By Tim Peeler
As most people know, Arizona and the rest of the Southwest have been experiencing water shortages for quite some time now. The long-standing drought has obviously brought some major problems to the region which will require collaboration from experts in various fields to solve. Because I am not an expert, I will not be attempting to solve this immensely complex and difficult problem. Instead, I would like to focus on stopping the unnecessary vilification of golf courses and residential grass lawns in the context of our water shortage.
Many of the non-experts that I’ve spoken to about the water shortages, especially people who do not live in the Southwest, point to “luxury” water usage as key reasons for the shortage. The two water uses that I most hear people complain about or label as “luxury” or unnecessary are golf courses and residential grass lawns.
I don’t think it’s surprising that golf courses and grass yards are among the most vilified uses of water during a drought. It seems to follow common sense logic, at least to some extent. The first reason is that golf courses and residential grass lawns are very noticeable from a visual standpoint. The emerald green grass from golf courses and yards stand in stark contrast to the beige, brown, and reddish hues of the surrounding desert. The second reason is that both golf courses and grass lawns are seen as unnecessary by many people, especially compared with other water uses such as drinking, bathing, cooking or even agriculture. Combine these two factors with knowledge of a water shortage and you have many people coming to the conclusion, “Why don’t we just ban all golf courses and grass yards?”.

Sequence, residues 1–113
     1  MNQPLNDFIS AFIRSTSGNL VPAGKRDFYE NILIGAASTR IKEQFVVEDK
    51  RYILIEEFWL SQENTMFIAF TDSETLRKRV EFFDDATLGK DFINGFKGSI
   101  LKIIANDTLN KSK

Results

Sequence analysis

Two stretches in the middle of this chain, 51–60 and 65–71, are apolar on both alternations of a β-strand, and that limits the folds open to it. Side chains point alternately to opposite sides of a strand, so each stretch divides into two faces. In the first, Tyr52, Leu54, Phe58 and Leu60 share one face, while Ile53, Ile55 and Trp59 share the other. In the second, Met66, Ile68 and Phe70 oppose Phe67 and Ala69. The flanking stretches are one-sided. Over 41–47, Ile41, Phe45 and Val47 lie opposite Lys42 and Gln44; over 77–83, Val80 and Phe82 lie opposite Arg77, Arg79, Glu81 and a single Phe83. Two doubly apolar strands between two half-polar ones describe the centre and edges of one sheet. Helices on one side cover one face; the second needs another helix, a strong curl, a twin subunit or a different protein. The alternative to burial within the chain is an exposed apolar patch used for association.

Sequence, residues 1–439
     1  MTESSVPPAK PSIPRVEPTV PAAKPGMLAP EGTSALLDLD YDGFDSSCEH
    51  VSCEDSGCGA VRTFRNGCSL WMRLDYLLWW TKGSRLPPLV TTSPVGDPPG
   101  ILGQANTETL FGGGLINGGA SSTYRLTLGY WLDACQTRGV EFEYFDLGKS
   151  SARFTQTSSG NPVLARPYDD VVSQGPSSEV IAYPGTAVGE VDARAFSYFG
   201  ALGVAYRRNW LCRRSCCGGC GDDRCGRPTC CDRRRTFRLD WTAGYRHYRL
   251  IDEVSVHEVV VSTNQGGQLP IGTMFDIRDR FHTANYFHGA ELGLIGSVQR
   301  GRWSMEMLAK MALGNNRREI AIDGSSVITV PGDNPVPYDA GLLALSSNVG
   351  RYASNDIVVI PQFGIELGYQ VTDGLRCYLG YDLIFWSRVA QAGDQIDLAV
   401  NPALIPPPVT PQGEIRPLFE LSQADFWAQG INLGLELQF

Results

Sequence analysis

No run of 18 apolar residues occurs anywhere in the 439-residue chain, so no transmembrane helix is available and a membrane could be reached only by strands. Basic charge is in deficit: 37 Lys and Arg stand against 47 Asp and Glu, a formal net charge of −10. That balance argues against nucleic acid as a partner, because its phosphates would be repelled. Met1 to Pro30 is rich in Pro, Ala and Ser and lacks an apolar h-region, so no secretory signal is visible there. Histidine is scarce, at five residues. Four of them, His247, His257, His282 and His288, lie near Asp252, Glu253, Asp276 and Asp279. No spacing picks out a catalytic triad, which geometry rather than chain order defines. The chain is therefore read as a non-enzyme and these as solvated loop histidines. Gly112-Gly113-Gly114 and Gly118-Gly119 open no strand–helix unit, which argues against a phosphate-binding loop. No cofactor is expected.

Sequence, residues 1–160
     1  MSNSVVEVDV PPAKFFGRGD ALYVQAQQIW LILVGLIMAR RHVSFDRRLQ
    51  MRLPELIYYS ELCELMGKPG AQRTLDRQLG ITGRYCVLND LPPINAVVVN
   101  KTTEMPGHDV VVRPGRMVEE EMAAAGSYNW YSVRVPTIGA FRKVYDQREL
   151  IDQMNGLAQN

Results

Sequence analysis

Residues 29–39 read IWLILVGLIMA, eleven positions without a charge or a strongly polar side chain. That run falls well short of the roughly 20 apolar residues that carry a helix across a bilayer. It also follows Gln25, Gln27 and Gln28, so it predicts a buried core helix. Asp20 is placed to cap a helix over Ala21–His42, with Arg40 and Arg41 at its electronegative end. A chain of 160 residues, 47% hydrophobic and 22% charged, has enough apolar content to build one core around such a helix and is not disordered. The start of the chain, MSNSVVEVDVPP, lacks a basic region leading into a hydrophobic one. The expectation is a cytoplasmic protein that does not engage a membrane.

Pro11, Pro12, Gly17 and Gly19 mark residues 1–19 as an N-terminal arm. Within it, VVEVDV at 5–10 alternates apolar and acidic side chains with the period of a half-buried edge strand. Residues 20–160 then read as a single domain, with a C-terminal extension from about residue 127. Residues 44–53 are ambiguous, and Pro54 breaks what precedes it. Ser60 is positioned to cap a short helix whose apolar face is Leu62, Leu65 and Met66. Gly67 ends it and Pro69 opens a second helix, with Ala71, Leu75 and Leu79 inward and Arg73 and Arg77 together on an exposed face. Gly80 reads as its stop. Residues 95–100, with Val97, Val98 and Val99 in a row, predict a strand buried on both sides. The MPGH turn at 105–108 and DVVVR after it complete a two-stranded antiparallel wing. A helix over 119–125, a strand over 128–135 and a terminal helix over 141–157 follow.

As I stated previously, this seems to follow some sort of common sense logic, but does common sense without thorough research really help us in solving far-reaching, complex problems? I would argue, no. Let’s break down a few basic facts of the situation. Depending on who you ask these numbers may fluctuate slightly, but the agriculture industry uses about 70% of the water allotted to Arizona, municipalities use a little over 20%, while industrial use is slightly under 10%. Beyond that, golf courses which are included in municipal water use only use a little over 1% of the total water for the state of Arizona.
These stats are not meant to paint agriculture as the water villain. In fact, the agriculture industry uses the same amount of water in Arizona as they did over 60 years ago while producing greater yields, and they continue to improve efficiency as technology advances. Efficiency also isn’t a major problem for golf courses as they’re already doing everything they can to save water in the name of making a profit. Additionally, golf courses provide rich ecosystems for many native plants and wildlife which makes it harder to make the claim that golf courses negatively impact the environment.
My overall point is don’t act like you have the solution if your solution is to ban all golf courses and grass lawns, because it would hardly make a dent in our water conservation efforts and we would lose out on the roughly $6 billion dollar industry that is golf in Arizona. If you truly care about the water problem in Arizona, don’t disparage your neighbors. Instead, look to the experts, educate yourself, and know political candidates positions on the water crisis before you vote!